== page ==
Being part of a Millennium Community, Islington Square had to embody the principles of sustainable development and has been designed to receive an EcoHomes ‘Excellent’ Rating. FAT’s design accommodates reduction of primary energy, CO2 emissions and water consumption, green specification of materials and reduction of construction waste and design for life-cycle adaptability to which goes beyond the Lifetime Homes principles.
Speaking of the scheme FAT director Charles Holland said: “The residents chose us because we showed a genuine interest in the things that mattered to them. Inside, the houses are carefully planned, spacious and reflect how the resident’s wanted to live. On the outside they have an unabashed flamboyant quality and a scale and presence that is very unusual for social housing.”
MMHA’s deputy chief executive, Matthew Harrison, said: “We’re committed to developing new homes that combine top quality design with a reinvention of traditional social housing. More importantly, tenants have been fully engaged throughout this process, giving them a real feeling of ownership of their finished homes. Right at the start we took them to Amsterdam to widen their perspective of what is possible and how people elsewhere live positively next to water, which is a key feature of the New Islington community.”
Nick Johnson, director of development, Urban Splash said: “FAT’s Islington Square is an important step for New Islington, it’s rehousing the residents in these generous grand new homes, they’re delighted – it gets up the nose of the architectural purists -which is exactly what we wanted. The critics are happy, the residents are happy and we’re happy that it sets the tone for New Islington which is looking like a very special place in the city.”
For FAT, Islington Square demonstrates the practices commitment to intelligent architectural solutions, carried through from idea to detail. The project also continues FAT’s expertise in designing buildings that directly engage with cultural, social and urban contexts to produce imaginative solutions to complex and challenging briefs. In recognition of its achievements, FAT has just received the Next Generation Award 2006 from the Architecture Foundation. The practice is currently working on a number of substantial projects in UK and Europe including the Sint Lucas Art Academy in Boxtel, Holland.
Islington Square is part of New Islington, Manchester’s Millennium Community, which in turn is one of English Partnerships’ seven Millennium Communities. The 29-acre site, just east of Manchester city centre is being radically transformed to a strategic and ambitious vision created by Will Alsop. A new canal and water park, over 1400 new homes, office space, a school, a health clinic, shops, bars and restaurants are planned to be created, using the worlds best architecture.
New Islington – Professional Team:
Client Manchester Methodist Housing Association
Structural Engineering Whitby Bird
QS Simon Fenton Partnership
Contractor Richardson Projects Limited
Info re New Islington Manchester from Stratton & Reekie 270606
Background on New Islington Developers / Stakeholders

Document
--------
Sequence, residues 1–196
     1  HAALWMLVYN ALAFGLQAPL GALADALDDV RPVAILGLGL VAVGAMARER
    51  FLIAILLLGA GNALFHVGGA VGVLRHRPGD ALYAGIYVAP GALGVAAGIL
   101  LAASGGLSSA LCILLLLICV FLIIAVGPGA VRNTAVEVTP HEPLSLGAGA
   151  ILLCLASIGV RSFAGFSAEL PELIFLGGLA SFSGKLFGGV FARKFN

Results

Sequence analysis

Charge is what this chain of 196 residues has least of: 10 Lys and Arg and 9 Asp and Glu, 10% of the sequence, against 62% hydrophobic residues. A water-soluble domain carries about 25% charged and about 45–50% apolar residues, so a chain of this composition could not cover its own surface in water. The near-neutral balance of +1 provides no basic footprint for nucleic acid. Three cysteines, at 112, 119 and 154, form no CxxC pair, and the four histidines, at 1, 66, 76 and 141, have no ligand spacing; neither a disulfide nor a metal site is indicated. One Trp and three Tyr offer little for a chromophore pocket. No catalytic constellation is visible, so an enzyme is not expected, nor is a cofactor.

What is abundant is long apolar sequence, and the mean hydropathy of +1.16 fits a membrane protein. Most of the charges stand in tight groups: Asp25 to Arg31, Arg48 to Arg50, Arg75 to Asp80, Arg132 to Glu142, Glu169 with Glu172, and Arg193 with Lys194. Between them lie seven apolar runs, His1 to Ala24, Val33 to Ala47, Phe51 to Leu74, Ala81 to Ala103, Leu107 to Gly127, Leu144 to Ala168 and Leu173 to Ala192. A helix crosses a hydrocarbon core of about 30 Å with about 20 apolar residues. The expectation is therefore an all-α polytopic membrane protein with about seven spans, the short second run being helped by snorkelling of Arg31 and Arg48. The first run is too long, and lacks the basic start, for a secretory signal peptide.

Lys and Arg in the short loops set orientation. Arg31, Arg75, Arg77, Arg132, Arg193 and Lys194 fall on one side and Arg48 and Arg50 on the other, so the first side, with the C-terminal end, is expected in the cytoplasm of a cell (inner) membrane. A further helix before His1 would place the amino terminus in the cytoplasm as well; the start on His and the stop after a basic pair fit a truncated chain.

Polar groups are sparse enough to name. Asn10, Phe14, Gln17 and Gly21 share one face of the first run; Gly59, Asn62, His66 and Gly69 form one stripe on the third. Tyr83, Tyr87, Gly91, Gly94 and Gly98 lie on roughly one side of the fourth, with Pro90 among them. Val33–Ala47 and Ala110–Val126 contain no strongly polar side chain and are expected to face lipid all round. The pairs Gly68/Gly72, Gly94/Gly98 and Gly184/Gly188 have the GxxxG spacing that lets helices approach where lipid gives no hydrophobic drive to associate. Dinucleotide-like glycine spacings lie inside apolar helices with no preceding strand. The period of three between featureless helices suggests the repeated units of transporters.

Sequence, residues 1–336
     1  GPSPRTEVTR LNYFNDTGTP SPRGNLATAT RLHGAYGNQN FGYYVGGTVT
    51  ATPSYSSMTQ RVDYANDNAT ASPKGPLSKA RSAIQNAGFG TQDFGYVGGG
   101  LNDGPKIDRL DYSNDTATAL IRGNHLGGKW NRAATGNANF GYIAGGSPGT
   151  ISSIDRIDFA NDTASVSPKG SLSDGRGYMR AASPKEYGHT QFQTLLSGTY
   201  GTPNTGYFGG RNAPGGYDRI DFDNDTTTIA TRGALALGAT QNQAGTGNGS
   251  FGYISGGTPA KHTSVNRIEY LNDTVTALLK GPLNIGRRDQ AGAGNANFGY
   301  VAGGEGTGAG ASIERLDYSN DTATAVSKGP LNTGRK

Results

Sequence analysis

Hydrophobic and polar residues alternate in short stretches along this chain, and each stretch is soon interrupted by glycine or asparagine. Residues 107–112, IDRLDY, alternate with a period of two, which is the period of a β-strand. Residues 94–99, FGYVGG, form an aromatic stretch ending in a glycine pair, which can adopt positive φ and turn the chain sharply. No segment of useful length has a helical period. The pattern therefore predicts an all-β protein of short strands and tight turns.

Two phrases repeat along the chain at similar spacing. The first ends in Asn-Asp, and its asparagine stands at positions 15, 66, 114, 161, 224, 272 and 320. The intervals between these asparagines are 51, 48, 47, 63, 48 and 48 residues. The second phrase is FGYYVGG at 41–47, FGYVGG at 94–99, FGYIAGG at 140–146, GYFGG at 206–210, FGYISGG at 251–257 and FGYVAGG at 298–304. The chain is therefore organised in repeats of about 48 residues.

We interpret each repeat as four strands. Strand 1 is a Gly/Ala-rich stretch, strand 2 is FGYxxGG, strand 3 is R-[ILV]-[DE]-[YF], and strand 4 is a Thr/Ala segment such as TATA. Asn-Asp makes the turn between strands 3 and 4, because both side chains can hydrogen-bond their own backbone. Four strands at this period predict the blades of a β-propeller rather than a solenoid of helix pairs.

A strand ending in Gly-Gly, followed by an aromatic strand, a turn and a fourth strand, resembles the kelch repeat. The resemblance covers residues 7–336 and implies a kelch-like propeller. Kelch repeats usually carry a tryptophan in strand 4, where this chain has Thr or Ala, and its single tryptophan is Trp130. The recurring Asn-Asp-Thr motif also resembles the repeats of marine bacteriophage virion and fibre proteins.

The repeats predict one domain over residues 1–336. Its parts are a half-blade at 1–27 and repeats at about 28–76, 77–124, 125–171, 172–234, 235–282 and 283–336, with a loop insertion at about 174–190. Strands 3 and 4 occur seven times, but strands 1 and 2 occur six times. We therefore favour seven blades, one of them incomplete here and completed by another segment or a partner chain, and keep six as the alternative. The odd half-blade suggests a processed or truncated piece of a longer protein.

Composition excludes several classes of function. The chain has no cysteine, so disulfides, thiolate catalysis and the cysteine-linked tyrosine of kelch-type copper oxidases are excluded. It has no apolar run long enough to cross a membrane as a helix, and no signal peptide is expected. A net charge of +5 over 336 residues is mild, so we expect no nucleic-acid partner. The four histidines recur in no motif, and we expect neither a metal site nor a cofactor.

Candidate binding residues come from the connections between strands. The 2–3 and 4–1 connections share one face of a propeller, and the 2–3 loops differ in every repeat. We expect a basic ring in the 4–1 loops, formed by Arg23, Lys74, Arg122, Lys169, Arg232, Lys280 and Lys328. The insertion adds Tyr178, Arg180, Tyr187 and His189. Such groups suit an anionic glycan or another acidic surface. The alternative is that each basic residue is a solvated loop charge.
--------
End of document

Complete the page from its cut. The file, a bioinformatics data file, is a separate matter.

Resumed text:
New Islington architects – FAT Architecture
Urban Splash has an established reputation as a pioneer in urban regeneration and advocate of modern design. From a standing start and financed entirely through the re-investment of profits, the company has created over 3,000 new jobs, 1,000 new homes and half million square feet of commercial space.
Urban Splash is currently investing over £1 billion in regeneration projects across the country including: Castlefield, Manchester; New Islington, the third Millennium Community at east Manchester; Altrincham, Cheshire; Ropewalks, Liverpool City Centre; Royal William Yard, Plymouth; Fort Dunlop, Birmingham; Lister Mills, Bradford and the Midland Hotel, Morecambe.
The company has received 165 awards to date for its commitment to architecture, design, regeneration and enterprise. Its award winning projects include: Timber Wharf, Box Works and Moho, Castlefield, Manchester; Vanilla Factory and Matchworks, Liverpool; Silk Warehouse, Lister Mills, Bradford and Rotunda, Birmingham. Urban Splash has received 28 prestigious RIBA Awards for Architecture – the most received by a private property developer and was placed as the 25h in the Sunday Times Best Small Companies to Work for List in 2006.
Manchester Methodist Housing Association
MMHA’s ambitious programme of regeneration and urban renewal sets standards that others try to achieve. Winner of the 2004 Housing Association Regenerator of the Year Award, and runner-up in 2005, the organisation is committed to creating homes, not houses, and building cohesive, sustainable communities that have a positive impact on residents and the environment. Housing Corporation partnering status and the Association’s work with more than 25 local authorities affirms its position as a major regional player. MMHA is part of the Great Places Housing Group.
New Islington development – information from Stratton & Reekie 270606
Location: New Islington, Manchester, Northwest England, UK
Contemporary Manchester Architecture
Manchester Building Designs – chronological list
Other examples of Manchester Architecture welcome: info(at)e-architect.co.uk
Buildings / photos for the New Islington Manchester – FAT Houses page welcome